Monday, June 25, 2001 Volume 66, Issue 148


 
 









 
Human rights battle reaches U.S. shores

Michael Ahlf

On June 6, the Council of Europe's Human Rights panel sent a recommendation to the main council body that unless the United States and Japan repeal the
death penalty by January 1, 2003, they would lose their "observer" status in the council. Two days earlier, the U.S. Supreme Court reversed the death penalty
of a mentally retarded man.

To the Supreme Court, I say, "Thank you." The court found, correctly, that the man wasn't mentally competent and should not be put to death.

To the Council of Europe: "Say again?" It makes me wonder what "observer" status really means, considering the body isn't connected to the European Union
and doesn't currently allow the United States or Japan voting rights. Is it worth threatening a country with its loss? Let's take a step back and look at a few
things.

First, the death penalty in the United States is anything but lawless. The number of appeals granted to those on death row is ridiculous, and the burden of
proof for such a trial goes far beyond even the burden of proof for a normal conviction of first degree murder. Only those who have committed heinous crimes
are even considered for the death penalty.

Second, human rights are a double-edged sword. The United Nations' human rights panel has quickly become a forum for abusers to hide behind. The best
example of this is China, which has successfully hid behind the shield of the U.N. panel for years.

The United States has all sorts of safeguards in place for the protection of those sent to death row, not the least of which is the Supreme Court.

Meanwhile, Singapore will cane you for using a can of spray paint and tagging a building. China will take U.S. scholars and throw them in jail for years,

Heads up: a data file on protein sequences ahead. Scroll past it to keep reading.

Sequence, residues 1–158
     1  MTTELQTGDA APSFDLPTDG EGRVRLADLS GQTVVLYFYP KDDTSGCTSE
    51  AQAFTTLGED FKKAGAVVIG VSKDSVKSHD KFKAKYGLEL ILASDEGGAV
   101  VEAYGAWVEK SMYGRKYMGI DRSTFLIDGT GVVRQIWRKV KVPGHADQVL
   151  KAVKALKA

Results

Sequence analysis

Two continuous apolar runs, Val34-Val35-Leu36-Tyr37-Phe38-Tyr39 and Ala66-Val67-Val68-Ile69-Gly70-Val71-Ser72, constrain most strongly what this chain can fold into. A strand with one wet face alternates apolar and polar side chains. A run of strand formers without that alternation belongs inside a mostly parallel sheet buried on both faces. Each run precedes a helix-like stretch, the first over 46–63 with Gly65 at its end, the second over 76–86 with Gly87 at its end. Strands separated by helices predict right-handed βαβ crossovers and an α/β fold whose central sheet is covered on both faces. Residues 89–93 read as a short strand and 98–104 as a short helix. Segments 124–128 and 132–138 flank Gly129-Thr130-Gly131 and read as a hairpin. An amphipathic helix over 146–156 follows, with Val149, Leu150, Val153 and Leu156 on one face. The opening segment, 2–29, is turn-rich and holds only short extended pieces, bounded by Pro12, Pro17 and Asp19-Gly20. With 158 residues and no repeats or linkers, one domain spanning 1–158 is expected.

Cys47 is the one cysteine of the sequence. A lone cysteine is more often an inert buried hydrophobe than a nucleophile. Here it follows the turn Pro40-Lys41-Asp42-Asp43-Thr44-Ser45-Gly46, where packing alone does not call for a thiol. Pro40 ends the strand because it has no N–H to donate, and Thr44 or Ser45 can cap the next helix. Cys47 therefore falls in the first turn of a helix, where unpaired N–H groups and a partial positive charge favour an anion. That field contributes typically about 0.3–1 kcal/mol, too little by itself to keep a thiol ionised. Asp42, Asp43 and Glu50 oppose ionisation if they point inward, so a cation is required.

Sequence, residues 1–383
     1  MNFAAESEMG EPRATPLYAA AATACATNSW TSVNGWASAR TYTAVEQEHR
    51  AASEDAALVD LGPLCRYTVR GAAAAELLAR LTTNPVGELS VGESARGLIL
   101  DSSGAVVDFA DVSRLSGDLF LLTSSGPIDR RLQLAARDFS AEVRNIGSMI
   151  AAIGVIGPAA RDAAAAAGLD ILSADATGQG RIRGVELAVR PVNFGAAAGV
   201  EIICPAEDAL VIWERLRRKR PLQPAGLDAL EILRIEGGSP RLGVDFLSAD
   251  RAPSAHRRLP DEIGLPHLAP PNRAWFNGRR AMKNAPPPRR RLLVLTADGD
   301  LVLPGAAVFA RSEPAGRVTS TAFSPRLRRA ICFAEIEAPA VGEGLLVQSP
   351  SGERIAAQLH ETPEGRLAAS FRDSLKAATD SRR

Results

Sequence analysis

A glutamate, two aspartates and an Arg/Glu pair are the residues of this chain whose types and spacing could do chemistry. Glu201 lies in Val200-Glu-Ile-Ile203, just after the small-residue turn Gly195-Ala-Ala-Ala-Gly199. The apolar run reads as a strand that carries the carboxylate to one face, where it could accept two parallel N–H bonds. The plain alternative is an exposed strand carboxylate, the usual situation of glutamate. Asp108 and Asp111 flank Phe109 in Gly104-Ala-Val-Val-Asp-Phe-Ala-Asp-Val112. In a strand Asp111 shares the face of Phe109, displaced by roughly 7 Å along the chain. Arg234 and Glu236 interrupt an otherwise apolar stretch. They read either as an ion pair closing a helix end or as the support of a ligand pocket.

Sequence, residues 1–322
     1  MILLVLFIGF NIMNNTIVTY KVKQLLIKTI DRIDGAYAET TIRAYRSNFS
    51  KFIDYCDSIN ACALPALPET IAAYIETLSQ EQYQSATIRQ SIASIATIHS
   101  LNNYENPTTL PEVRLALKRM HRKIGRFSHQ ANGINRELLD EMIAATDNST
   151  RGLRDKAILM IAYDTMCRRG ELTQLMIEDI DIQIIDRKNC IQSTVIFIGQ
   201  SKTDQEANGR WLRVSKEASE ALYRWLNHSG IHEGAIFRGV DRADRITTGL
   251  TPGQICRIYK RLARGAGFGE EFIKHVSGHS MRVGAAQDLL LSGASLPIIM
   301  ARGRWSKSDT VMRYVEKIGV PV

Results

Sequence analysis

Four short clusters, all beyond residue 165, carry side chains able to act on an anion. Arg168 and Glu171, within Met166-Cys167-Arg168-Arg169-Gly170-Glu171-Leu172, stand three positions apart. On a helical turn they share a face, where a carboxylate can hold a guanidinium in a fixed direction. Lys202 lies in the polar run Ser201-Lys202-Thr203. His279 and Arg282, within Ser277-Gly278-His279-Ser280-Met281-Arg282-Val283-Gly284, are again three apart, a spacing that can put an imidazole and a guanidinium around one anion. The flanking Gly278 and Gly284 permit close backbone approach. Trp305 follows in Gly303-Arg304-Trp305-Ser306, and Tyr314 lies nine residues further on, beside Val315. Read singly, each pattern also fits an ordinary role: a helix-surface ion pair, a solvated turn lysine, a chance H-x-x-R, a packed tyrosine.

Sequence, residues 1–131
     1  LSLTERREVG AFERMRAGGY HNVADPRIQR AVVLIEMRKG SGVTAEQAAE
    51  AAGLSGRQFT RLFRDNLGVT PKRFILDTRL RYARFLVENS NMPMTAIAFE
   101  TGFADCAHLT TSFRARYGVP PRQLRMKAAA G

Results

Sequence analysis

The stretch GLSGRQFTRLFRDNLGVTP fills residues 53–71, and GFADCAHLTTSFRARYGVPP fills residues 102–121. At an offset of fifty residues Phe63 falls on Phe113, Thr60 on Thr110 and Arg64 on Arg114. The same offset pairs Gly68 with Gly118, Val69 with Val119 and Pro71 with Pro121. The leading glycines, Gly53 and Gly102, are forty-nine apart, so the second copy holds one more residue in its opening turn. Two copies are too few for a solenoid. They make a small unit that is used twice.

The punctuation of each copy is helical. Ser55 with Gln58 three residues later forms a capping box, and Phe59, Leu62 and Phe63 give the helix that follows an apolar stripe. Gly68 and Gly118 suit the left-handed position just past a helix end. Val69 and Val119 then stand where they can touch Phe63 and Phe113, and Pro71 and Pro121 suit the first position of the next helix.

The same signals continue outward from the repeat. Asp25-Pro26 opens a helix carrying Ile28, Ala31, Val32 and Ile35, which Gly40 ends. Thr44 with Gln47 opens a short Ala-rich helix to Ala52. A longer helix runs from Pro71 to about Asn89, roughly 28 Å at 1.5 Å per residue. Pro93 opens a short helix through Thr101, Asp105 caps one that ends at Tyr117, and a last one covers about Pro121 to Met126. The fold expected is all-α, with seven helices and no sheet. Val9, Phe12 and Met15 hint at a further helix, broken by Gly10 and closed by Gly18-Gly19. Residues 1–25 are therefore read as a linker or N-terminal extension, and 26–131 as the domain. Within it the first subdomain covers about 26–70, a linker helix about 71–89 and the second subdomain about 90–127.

charging them with no crimes and allowing them no visitors -- essentially holding them hostage.

Palestinians and Israelis commit horrible acts of atrocity against each other, firing guns and mortars randomly into each others' settlements. Zimbabwe is in
the middle of a racial war, with the head of the government having declared that whites have no rights to their property, even when it's just farmland.

So why then does the United States find itself under such attacks in recent months? Mostly, it's retaliation: After years and years of the United States pushing
for human rights in other countries, the countries we criticized are exercising power to do the same.

This could be a good thing, except that criminals doing jail time in most prisons have access to better law libraries, gymnasium facilities and various
amenities (like cable television) than most people do on the outside. The United States has been a preeminent force for human rights for more than a half
century, and it should continue to be so, instead of backing off when other countries try to attack it for pointing out their own flaws.

The countries we attacked have finally realized one essential thing: If they can make it look like they're fighting for human rights, then they can more easily
hide their own abuses.

The real test is upon the Bush administration. Do we stand proud with our record, doing everything we can to make sure the death penalty is carried out with
honesty and justice, in only the instances for which it was designed? Or do we back off and watch as human rights conditions in the rest of the world get even
worse?

Ahlf, a senior electrical engineering 
major, can be reached at mahlf@bayou.uh.edu.

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